Seeing Henry

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When I first moved to Salt Lake City, I chose the place I wanted to live based on very little to do with the apartment itself. The reasoning behind why I rented this particular apartment (which I chose using Google maps – honestly) had much to do with its location–being right across the street from a park with a 1.5-mile running oval. I have sung the praises of Liberty Park’s ease of access and mostly traffic-free running trails to my friends and fellow runners all the time. It is simply wonderful.

When I had a more conventional 9-5 job, I would get up around 7am and go for a 3.75-mile run to wake myself up. I despise morning running. I have no idea how on race day I am even able to get up for the race itself. However, every morning I went for a run here at Liberty Park, I was almost always destined to be happy in some small way. I would get to see Henry.

Then, my life changed and my routine changed and I rarely run at that hour anymore. As such, it is times like today, when I randomly see Henry, that really make me happy.  I mentioned over three years ago in a blog posting how I wanted to get to know Henry more. Unfortunately, I have failed to do so. I did once stop and talk to him but I almost felt like I was bothering him, in spite of his genial nature. He was there to get in his exercise, not be hindered by some little whippersnapper. I do know Henry is every bit of 80-years-old and is exercising at Liberty Park, I am guessing, every single day. I once caught his last name (since forgotten) and a little of his story. But since we run (well, he does a fast walk, in all honesty) in different directions, I usually get nothing more than a big smile, a quick wave and both an ironic yet not at all self-aware comment about how he is glad to see I am still out here running. I cannot even begin to tell you how much this makes me chuckle.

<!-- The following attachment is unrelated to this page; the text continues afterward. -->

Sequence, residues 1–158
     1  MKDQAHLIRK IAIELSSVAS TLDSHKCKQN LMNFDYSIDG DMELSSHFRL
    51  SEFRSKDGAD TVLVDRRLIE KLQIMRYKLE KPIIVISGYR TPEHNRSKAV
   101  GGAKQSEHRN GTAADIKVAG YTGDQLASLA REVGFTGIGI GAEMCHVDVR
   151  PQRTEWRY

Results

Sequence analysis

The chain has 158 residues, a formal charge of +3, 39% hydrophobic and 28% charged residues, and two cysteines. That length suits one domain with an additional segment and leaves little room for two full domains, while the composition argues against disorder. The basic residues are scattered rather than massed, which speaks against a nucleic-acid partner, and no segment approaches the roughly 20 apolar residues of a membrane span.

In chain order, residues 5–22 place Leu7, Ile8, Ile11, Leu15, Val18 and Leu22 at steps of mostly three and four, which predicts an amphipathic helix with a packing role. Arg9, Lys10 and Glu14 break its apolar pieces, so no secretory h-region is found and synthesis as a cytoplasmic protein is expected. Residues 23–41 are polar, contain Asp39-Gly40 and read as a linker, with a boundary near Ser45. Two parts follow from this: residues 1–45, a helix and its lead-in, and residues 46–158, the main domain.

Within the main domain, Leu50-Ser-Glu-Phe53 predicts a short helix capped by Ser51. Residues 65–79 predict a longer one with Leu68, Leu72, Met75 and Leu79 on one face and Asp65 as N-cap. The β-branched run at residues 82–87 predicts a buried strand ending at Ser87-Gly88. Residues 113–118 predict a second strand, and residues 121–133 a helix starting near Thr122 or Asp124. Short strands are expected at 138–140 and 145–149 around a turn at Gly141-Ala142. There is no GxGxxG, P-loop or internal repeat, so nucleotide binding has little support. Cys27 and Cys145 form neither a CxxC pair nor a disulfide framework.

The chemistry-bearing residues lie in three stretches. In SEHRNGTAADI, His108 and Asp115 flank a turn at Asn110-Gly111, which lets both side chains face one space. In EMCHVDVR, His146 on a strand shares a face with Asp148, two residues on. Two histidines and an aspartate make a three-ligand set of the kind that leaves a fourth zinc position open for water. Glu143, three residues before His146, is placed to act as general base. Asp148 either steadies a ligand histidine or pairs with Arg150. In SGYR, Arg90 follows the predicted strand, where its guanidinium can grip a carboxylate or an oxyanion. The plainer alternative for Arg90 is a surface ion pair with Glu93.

I almost do not want to know more about Henry than I already do. I want to keep him as this icon of what I hope to be someday: happy, much older, and healthy. Will getting to know him better ruin the wonderful semi-relationship I have with Henry? Will that take away some of the allure? I guess I see in Henry what I wish my own father could have–namely, the ability to walk.  Unfortunately, that has been taken away from my own Dad. I wonder if seeing Henry as a symbol of someone else and not just himself is a little rude.

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